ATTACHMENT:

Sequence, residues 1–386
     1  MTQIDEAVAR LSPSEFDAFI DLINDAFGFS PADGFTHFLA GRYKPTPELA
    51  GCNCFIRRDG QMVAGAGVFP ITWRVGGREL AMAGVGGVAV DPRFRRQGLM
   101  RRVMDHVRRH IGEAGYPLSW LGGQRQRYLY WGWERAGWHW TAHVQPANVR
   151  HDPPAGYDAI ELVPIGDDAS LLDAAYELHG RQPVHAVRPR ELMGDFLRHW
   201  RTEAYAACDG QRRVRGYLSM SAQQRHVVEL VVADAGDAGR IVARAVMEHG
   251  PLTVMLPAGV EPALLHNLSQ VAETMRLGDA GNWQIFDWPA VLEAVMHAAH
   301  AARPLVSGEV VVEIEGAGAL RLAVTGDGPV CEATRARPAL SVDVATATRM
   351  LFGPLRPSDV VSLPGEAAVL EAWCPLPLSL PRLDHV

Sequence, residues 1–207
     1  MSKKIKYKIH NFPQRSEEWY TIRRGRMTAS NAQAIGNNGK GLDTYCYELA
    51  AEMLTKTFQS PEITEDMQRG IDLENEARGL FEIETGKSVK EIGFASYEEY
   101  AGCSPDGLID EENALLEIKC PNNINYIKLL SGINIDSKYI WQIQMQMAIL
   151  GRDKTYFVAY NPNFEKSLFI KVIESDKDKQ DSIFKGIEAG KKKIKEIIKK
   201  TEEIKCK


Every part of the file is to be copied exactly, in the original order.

Sequence, residues 1–386
     1  MTQIDEAVAR LSPSEFDAFI DLINDAFGFS PADGFTHFLA GRYKPTPELA
    51  GCNCFIRRDG QMVAGAGVFP ITWRVGGREL AMAGVGGVAV DPRFRRQGLM
   101  RRVMDHVRRH IGEAGYPLSW LGGQRQRYLY WGWERAGWHW TAHVQPANVR
   151  HDPPAGYDAI ELVPIGDDAS LLDAAYELHG RQPVHAVRPR ELMGDFLRHW
   201  RTEAYAACDG QRRVRGYLSM SAQQRHVVEL VVADAGDAGR IVARAVMEHG
   251  PLTVMLPAGV EPALLHNLSQ VAETMRLGDA GNWQIFDWPA VLEAVMHAAH
   301  AARPLVSGEV VVEIEGAGAL RLAVTGDGPV CEATRARPAL SVDVATATRM
   351  LFGPLRPSDV VSLPGEAAVL EAWCPLPLSL PRLDHV

Sequence, residues 1–207
     1  MSKKIKYKIH NFPQRSEEWY TIRRGRMTAS NAQAIGNNGK GLDTYCYELA
    51  AEMLTKTFQS PEITEDMQRG IDLENEARGL FEIETGKSVK EIGFASYEEY
   101  AGCSPDGLID EENALLEIKC PNNINYIKLL SGINIDSKYI WQIQMQMAIL
   151  GRDKTYFVAY NPNFEKSLFI KVIESDKDKQ DSIFKGIEAG KKKIKEIIKK
   201  TEEIKCK